Voting. Photo: Shutterstock.com.

Broward County’s Charter Review Commission has tacked a few amendments onto the ballot this year, but what do they mean?

Here’s a look at two that will affect the legal sector.

The Broward County Charter was established in 1974 and approved by voters to serve as a written grant of authority or rights for the county. It’s Broward’s constitution, if you will.

The charter’s language can’t be changed without voter approval, so even the slightest edit requires a simple majority to go into effect.

This year, voters will decide when and how the Office of the Inspector General should conduct investigations. Broward’s Inspector General, John W. Scott, acts as an independent watchdog, responsible for investigating allegations of fraud, corruption, ethics violations, gross mismanagement and other alleged misconduct by local government officials.

Scott is Broward’s first and only inspector general, appointed by the independent Selection-Oversight Committee in April 2011, after voters in 2010 decided the post should be created. Now, it’s asking voters to alter its investigative power.

Broward County Office of the Inspector General’s Discretion to Commence An Investigation: “Shall the Broward County Charter be amended to give the Broward County Office of the Inspector General discretion, as opposed to a mandate, to commence an investigation if good cause exists that an entity or person over whom the inspector general has authority has engaged in misconduct or gross mismanagement?”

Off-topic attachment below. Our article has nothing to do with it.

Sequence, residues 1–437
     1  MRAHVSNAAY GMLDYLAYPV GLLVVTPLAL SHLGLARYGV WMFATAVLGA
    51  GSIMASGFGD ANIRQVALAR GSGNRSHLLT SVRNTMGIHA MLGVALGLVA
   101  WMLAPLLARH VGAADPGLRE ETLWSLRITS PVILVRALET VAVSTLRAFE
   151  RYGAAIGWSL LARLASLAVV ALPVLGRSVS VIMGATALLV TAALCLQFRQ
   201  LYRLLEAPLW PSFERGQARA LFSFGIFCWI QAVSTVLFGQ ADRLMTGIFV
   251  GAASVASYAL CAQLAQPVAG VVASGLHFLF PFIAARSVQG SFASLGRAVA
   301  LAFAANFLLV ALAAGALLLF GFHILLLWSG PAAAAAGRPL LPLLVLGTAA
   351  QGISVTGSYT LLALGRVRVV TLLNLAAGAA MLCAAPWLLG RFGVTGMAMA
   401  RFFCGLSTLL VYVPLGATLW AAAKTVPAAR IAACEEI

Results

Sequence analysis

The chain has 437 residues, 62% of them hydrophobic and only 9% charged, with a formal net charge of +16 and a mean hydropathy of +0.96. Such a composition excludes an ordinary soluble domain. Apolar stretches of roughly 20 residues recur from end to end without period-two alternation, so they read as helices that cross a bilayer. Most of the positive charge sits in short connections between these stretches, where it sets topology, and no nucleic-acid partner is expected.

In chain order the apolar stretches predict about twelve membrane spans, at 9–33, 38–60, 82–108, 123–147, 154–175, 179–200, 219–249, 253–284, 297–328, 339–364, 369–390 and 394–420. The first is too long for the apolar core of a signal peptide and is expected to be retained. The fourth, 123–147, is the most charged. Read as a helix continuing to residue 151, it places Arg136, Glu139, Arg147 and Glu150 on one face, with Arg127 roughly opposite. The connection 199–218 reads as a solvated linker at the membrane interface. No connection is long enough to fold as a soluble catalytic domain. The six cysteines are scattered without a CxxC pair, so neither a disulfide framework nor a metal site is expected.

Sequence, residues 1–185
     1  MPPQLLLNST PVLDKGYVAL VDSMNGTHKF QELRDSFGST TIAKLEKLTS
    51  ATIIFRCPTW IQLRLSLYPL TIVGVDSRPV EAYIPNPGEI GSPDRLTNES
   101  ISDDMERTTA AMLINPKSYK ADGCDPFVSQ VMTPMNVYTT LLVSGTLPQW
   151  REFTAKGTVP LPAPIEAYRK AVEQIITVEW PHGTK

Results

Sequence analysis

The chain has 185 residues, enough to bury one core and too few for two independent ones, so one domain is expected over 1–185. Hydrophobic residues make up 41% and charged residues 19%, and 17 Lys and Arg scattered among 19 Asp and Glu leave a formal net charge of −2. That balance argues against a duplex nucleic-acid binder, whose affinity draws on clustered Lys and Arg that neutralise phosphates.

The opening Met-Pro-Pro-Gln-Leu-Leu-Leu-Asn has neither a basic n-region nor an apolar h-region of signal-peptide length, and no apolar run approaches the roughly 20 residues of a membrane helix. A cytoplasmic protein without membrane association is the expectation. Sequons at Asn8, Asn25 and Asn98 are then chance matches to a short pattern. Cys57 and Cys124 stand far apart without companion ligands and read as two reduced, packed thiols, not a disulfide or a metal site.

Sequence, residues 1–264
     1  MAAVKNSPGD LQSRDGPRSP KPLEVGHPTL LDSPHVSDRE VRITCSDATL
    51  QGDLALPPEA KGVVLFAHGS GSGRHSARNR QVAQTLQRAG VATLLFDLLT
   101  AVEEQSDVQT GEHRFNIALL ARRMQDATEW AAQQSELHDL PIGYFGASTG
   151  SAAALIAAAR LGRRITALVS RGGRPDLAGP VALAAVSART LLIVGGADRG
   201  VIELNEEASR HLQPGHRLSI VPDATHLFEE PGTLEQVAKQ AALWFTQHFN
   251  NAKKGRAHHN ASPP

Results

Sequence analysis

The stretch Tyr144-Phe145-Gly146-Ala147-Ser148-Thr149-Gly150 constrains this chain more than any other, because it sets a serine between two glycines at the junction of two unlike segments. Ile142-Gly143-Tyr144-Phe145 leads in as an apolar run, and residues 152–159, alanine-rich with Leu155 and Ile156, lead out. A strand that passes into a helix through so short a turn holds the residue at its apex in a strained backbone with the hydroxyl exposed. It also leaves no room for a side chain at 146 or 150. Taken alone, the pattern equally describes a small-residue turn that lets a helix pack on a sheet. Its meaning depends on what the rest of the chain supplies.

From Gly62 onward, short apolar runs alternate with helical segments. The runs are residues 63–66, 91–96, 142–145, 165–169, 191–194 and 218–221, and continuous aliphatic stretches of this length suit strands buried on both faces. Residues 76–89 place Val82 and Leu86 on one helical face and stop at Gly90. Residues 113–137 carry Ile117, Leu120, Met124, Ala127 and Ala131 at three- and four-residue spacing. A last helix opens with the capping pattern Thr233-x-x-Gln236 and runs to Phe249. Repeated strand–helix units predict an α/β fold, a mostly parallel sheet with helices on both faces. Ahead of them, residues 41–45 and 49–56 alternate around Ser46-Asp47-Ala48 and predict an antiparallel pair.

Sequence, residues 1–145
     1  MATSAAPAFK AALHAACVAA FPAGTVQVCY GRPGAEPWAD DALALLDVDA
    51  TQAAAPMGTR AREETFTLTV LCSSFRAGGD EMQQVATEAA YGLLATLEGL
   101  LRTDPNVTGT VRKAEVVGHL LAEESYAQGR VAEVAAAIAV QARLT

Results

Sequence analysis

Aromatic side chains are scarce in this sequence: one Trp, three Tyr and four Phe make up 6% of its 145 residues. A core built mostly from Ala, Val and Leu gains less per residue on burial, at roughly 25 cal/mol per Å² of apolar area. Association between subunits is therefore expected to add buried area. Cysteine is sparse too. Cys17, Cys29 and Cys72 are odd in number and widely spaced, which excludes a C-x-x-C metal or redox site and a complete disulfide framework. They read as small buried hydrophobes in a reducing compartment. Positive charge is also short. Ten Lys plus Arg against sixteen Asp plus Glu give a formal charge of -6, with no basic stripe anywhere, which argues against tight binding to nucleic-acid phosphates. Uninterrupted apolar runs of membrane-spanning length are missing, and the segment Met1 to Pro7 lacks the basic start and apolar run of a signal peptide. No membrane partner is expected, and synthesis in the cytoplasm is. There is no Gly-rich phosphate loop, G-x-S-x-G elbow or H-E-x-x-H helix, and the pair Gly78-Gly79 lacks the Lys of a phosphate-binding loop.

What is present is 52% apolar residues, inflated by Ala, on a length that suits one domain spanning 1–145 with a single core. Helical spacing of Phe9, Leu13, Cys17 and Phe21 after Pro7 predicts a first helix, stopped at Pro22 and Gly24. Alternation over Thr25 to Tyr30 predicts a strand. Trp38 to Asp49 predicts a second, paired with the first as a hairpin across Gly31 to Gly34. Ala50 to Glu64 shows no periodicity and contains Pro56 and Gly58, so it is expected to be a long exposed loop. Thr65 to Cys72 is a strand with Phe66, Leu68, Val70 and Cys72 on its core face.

As it stands, the charter instructs the inspector general to conduct an investigation “if good cause exists.” Voting for this amendment would give the inspector general more room to investigate a person or a matter, allowing them to decide when a probe is or is not necessary.

According to the proposal packet submitted by Broward’s OIG, this amendment came about because “there exists some unnecessary confusion over whether the OIG must commence an investigation if it receives a signed complaint stating facts that amount to good cause.”

The OIG is also seeking a board reshuffle.

Composition of the Broward County Inspector General Selection-Oversight Committee: “Shall the Broward County Charter be amended to revise the composition of the Broward County Inspector General Selection-Oversight Committee by replacing the U.S. Attorney for the Southern District of Florida, or his/her designee, with an appointee of the Broward County Bar Association?”

The General Oversight Committee acts as an independent check on the OIG. While the U.S. Attorney for the Southern District of Florida sits on the committee, a “yes” vote would replace them with a member of the Broward County Bar Association (BCBA).

Why? Because the U.S. Attorney has historically shown little interest in taking part. When the first committee was selected, it was responsible for selecting members but declined to do so. With a BCBA representative at the helm, there’ll likely be less red tape.

 

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